French researchers have reported that people who use tools may temporarily alter the structure of their self concept and, correspondingly, their brains to accommodate the tool’s shape and capacity. The findings imply that people who use prostheses also reconfigure their perception of their own bodies to accommodate their device.
The team, led by Lucilla Cardinali of France’s National Institute of Health and Medical Research (Inserm), had participants use a pincer-type grasping tool with a handle to repeatedly pick up and set down a small block. After the participants had done so for several minutes, researchers took away the tool and had the participants perform a series of similar tasks. Cardinali’s team found that the participants, when asked to use their own hands to pick up or even touch the block, were significantly less agile than before they had used the tool. Blindfolded participants asked to point to their elbow and fingertip on their tool-using arm also overestimated the length of that arm.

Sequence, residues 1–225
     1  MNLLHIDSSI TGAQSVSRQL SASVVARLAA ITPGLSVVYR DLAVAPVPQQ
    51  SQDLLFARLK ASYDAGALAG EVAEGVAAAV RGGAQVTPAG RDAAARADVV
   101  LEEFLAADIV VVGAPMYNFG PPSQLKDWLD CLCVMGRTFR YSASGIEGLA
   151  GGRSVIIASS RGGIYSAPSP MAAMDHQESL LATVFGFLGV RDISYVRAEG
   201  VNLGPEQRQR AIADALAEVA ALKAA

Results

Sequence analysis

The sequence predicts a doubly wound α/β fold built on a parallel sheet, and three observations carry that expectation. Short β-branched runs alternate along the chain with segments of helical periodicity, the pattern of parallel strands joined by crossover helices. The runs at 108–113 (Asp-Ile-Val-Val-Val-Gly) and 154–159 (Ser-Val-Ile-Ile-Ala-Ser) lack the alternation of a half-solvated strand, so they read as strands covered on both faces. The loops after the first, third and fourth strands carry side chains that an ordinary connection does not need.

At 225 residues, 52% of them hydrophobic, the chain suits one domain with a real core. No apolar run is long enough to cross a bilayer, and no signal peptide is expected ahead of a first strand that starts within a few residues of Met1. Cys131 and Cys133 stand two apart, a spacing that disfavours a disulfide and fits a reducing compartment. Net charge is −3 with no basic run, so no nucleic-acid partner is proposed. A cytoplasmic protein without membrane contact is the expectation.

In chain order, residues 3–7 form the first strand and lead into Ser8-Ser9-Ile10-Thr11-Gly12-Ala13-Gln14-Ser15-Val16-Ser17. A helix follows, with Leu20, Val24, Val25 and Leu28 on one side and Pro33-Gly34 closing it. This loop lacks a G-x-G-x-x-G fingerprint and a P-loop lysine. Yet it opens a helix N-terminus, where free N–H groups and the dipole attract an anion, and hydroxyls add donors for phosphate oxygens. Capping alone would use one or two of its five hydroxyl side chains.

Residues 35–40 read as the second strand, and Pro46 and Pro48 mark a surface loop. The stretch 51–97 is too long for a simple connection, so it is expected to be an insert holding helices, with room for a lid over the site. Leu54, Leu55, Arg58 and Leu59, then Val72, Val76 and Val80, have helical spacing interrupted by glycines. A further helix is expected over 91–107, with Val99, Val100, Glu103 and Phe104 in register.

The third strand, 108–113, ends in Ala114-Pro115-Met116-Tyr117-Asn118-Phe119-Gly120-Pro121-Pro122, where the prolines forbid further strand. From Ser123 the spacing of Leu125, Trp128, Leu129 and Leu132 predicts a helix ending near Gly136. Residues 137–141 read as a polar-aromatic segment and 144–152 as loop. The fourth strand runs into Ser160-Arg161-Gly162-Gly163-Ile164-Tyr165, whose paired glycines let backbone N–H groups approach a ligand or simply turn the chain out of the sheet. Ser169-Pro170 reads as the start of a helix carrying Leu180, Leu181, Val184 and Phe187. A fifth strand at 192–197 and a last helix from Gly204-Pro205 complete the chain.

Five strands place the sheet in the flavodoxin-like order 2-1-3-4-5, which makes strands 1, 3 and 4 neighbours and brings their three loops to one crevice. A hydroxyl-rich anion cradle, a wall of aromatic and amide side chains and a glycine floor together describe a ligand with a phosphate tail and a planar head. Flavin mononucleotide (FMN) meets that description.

In the June 2009 issue of the journal Current Biology, the team explained, “To control bodily movements, the human brain relies on a somatosensory representation referred to as the body schema…. These findings indicate that tool-use alters the body schema, and also show that what is modified is the somatosensory representation of intrinsic properties of the body morphology.”
Cardinali told the BBC, “This is the first unambiguous and definitive proof that using a tool modifies the representation of our body; previous studies suggested this but never proved it directly.”